The Cumberland Throw

The Spotlight – Time To Re-Define The Dominant Tackle

Is there a bigger blight on rugby league than the succession of wrestling inspired manoeuvres designed to slow up an opposition’s ruck speed?

Winning the tackle and slowing the play the ball speed has become close to the biggest goal for every team in every match but it’s come at a price – injuries and the six-again call.

The NRL’s response to injuries has been to outlaw every “innovative” method employed by coaches who are determined to either get an edge over their opponents or to not fall behind others.

At best, ruling that nefarious tactics such as the grapple, chicken wing, cannon ball, crusher, rolling pin, pressure points and finally the hip drop can draw a suspension is simply a stop gap measure. Another potentially dangerous manoeuvre will soon rear its ugly head as coaches continue to stretch the laws of the game.

Whether or not it’s a club south of the border leading the way, effective methods spread with the same evil efficiency as a killer virus and soon all clubs have some measure of guilt.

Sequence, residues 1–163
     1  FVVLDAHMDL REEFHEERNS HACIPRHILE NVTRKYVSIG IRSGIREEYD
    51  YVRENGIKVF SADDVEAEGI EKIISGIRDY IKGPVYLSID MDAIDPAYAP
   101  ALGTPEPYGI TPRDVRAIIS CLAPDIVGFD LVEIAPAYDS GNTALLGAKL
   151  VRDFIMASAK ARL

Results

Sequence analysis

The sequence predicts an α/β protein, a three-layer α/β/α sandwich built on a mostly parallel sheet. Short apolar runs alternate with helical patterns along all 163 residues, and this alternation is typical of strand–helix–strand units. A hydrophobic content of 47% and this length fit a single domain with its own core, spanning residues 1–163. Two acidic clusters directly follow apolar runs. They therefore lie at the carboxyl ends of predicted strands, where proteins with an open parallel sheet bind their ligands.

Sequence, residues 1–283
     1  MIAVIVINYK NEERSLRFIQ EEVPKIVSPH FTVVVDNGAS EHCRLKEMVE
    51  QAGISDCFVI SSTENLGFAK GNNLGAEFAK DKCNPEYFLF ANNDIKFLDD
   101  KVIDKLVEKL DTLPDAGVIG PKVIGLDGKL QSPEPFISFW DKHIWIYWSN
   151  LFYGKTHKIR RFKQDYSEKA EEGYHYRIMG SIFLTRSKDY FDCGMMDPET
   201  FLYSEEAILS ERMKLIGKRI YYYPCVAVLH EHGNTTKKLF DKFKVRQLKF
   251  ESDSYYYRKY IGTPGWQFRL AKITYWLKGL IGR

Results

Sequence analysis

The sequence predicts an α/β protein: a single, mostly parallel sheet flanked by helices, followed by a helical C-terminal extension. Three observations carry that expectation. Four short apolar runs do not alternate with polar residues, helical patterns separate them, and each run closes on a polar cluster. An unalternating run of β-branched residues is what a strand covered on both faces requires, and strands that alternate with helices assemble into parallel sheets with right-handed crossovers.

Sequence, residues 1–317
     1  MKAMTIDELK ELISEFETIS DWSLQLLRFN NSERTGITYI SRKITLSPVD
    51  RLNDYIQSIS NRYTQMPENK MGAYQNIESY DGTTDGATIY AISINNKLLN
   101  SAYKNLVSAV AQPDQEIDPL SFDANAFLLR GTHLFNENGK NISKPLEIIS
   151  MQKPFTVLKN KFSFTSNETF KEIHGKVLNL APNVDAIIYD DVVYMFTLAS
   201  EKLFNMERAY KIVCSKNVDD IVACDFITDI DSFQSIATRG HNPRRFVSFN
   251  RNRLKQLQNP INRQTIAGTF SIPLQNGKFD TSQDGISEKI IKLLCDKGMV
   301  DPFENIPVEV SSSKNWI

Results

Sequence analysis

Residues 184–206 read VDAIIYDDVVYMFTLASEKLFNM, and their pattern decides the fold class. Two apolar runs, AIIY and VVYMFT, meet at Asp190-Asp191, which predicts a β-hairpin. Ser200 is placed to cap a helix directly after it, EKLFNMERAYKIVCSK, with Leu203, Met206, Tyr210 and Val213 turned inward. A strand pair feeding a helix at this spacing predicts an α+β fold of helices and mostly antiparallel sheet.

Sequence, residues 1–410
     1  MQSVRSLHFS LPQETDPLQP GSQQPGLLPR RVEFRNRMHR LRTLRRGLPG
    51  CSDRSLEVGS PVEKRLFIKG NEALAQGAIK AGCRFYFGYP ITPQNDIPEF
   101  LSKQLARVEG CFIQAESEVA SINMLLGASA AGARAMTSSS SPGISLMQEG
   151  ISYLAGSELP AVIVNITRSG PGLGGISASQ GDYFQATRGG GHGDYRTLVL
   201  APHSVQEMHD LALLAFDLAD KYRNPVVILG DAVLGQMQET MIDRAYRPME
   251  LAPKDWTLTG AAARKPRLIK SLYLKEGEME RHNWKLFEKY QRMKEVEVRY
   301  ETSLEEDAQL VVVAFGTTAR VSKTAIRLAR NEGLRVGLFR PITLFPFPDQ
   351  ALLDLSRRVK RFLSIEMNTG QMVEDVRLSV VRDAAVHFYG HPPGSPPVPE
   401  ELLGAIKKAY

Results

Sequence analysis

But there is a simple answer, and one that might have the rugby league purists singing hallelujah.

Make the one person tackle a dominant tackle.

The cannon ball

As things currently stand, what is deemed dominant is surely arse-about. Defences are rewarded when piling multiple defenders into the tackle. It’s an advantage based on numbers rather than skill, with extra time afforded to lay on the ball carrier and slow up the tackle.

In contrast, the more skilful and safer legs tackle has the referee barking for the tackler to immediately release the ball carrier, and even though many of these are terrific cover or scramble tackles, failure to release quickly often results in a sin bin.